What sorts of materials (articles/ treatises, etc.) would you suggest for an aspiring period instrument performers to understand performance practice issues regarding early bass instruments?

The sources – Praetorius, for example, or Quantz, just to name two, are essential. Paintings are a good way to see what some of the instruments must have looked like. Modern sources such as Tharald Borgir’s Italian continuo book, or Laurence Dreyfus’ Bach book are really excellent – these two really force the serious reader to think about what is or isn’t possible. In the end, for my taste, everything is open to discussion. We should try to put ourselves in a frame of mind that encourages thinking about real practical solutions that add to the beauty of the music –not just try to freeze a time in history and hope that we fill the numbers in correctly!! Muffat talks about a 16 foot, well played, as something that makes all of the other instruments sound better – Bach was a fanatic about the 16 foot organ registers.

What, in your opinion, are among the most controversial issues regarding performance practice and bass instrument performance?

It all goes back to square one – what is a violone – when do we use it, etc. I am now quite convinced that the instrument that Monteverdi calls “contrabasso” is most likely a violone in G. The writing itself tells me this more than any source. The continuo register can always be played at pitch, the tutti passages rarely go lower than G – all can be played an octave lower to provide a 16 foot register that doubles the cellos, also used for tuttis more than for continuo! But, big basses also sound great in the Monteverdi bass groups, hmm………………..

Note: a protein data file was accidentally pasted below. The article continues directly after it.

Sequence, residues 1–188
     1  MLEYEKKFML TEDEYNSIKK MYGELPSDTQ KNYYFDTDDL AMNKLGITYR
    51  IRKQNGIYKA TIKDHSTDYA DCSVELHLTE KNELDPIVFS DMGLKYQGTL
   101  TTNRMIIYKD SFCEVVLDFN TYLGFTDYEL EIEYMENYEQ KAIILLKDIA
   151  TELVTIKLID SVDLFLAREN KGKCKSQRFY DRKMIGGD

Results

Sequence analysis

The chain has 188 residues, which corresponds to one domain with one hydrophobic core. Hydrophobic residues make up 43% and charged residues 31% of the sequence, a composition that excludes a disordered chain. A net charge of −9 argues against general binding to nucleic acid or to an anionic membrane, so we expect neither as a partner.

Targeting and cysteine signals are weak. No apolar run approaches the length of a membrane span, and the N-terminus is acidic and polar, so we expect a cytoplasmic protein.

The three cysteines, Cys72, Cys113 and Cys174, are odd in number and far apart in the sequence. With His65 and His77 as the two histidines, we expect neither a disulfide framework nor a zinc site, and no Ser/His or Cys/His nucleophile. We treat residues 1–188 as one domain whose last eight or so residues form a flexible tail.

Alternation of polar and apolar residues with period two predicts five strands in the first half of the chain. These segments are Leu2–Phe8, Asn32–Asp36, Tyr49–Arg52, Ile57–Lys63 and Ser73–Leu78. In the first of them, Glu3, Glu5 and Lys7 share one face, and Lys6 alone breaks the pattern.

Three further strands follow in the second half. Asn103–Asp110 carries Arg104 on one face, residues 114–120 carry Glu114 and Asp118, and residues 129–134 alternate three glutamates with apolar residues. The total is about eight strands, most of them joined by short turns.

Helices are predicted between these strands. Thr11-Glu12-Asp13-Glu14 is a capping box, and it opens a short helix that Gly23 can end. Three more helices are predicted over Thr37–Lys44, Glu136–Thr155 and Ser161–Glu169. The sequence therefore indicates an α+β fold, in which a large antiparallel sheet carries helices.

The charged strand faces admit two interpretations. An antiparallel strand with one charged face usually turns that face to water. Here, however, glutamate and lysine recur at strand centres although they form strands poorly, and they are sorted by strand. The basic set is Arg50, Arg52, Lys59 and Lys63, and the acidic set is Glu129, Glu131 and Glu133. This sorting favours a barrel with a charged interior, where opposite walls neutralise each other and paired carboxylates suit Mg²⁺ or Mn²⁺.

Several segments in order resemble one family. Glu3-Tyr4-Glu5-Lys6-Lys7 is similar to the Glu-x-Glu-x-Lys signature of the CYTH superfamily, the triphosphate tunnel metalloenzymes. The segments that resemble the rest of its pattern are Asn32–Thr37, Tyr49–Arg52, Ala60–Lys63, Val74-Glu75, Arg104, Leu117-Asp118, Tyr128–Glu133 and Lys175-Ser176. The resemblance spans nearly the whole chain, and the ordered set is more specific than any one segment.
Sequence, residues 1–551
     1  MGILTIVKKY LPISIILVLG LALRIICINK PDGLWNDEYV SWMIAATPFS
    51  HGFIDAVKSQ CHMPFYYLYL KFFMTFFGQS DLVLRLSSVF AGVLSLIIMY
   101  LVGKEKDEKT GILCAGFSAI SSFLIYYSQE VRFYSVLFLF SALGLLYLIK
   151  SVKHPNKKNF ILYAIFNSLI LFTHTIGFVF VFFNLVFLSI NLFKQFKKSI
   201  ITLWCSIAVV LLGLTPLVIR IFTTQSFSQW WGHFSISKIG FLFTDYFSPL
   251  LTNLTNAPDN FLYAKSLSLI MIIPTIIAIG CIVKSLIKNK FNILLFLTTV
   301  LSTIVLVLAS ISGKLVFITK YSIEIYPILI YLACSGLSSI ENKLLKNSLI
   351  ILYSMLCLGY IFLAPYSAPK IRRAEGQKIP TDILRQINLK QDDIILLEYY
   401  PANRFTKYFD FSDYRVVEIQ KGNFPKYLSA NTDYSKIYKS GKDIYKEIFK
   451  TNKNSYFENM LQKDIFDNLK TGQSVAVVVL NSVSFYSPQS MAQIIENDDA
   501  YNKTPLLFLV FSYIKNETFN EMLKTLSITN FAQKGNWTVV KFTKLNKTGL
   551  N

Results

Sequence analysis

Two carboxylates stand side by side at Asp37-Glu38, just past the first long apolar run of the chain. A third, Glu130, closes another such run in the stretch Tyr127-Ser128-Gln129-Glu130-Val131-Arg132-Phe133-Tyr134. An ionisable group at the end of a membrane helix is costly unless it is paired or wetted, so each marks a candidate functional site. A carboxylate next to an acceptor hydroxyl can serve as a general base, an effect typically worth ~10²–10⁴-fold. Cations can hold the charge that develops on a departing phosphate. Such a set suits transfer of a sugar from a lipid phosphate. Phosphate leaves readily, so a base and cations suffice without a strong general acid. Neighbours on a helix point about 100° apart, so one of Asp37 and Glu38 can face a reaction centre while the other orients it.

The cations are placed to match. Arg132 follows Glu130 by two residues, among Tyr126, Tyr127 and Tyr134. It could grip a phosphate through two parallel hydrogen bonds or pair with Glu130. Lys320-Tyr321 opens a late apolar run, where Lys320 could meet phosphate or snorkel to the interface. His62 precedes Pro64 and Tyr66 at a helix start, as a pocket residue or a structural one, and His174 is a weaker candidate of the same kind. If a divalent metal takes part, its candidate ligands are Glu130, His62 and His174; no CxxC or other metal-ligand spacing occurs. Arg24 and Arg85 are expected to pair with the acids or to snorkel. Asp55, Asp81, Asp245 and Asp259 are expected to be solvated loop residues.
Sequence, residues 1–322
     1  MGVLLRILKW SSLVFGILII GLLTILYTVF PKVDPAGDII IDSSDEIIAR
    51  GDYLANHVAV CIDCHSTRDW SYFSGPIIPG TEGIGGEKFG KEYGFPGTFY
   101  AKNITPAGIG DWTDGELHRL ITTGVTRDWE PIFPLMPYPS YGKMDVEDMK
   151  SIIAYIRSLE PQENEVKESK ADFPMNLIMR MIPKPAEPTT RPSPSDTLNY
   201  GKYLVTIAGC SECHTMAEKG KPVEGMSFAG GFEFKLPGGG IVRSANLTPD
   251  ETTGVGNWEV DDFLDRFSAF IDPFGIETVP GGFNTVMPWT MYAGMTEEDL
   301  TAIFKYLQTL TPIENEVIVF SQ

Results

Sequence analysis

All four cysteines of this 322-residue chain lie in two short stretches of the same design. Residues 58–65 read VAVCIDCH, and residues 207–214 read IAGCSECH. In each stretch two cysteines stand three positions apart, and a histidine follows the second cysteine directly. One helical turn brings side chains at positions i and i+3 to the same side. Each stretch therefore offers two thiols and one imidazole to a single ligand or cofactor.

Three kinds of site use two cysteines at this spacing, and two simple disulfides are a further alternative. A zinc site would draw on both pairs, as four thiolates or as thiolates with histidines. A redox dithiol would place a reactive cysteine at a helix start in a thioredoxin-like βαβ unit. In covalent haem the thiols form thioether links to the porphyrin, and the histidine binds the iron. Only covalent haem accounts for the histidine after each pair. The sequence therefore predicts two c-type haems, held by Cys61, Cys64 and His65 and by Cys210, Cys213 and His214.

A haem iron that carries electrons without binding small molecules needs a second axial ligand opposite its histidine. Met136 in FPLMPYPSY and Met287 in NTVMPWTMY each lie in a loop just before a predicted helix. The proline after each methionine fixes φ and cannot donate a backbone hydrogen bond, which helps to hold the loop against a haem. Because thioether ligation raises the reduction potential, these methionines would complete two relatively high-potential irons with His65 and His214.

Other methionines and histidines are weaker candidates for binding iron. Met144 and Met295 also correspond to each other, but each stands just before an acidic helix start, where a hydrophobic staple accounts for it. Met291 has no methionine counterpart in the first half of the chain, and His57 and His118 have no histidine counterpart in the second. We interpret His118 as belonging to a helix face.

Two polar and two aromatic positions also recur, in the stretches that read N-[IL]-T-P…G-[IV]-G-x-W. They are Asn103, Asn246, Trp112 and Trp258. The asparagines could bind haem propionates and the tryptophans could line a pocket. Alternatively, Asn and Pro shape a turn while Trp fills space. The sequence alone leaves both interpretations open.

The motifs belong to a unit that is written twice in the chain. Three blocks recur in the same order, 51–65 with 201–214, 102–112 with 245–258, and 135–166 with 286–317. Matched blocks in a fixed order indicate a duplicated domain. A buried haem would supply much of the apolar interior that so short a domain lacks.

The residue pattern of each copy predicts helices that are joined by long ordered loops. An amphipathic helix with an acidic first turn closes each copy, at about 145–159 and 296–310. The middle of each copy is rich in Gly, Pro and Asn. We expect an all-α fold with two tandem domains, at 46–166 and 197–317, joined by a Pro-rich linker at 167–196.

What repertoire do you find work well on contrabass register instruments? Why?

I like to use Bach suites with my students in the lower octaves. This develops clean, clear playing in the register that is called for in continuo playing. In my class, we try to go just until Bottesini played on a three string instrument, in passing by Dragonetti, and the Vienna school with the tuning, of course.

What aspects of period instrument performance do you feel that the majority of musical field are unaware of? What assumptions and misconceptions do period instrument performers need to present to future audiences?

That musicians now are probably no different than before – this music should sound fresh and new, and should not conform to traditions, old or otherwise. There is no “progress” in art and human feeling. People should be aware that we are not failed modern players – that is fortunately changing, but the idea is still around. Those who think like that are more than likely afraid to accept that there is another way to do things, and we should try to encourage them to open their minds to something new. I have seen the most hard-core “modern” pupils transformed by a Bach Cantata played on period instruments. This is my generation’s most important contribution, and most essential task – to raise standards that remove any doubt about our sincerity and the serious nature of our work.

What kind of basses and violone do you play on?

My main bass (4 string) is a wonderful Busan, 1743. I have two instruments by Willibrord Crijnen, a wonderful Dutch builder who works in France; a double bass inspired by my Busan that is set up with three strings, and a violone in G that was inspired by several models. We started with the idea that we didn’t want to copy, we wanted to try to make a new instrument from that time period. For the basses, I have lots of tunings that I use, we can discuss that when we speak in person!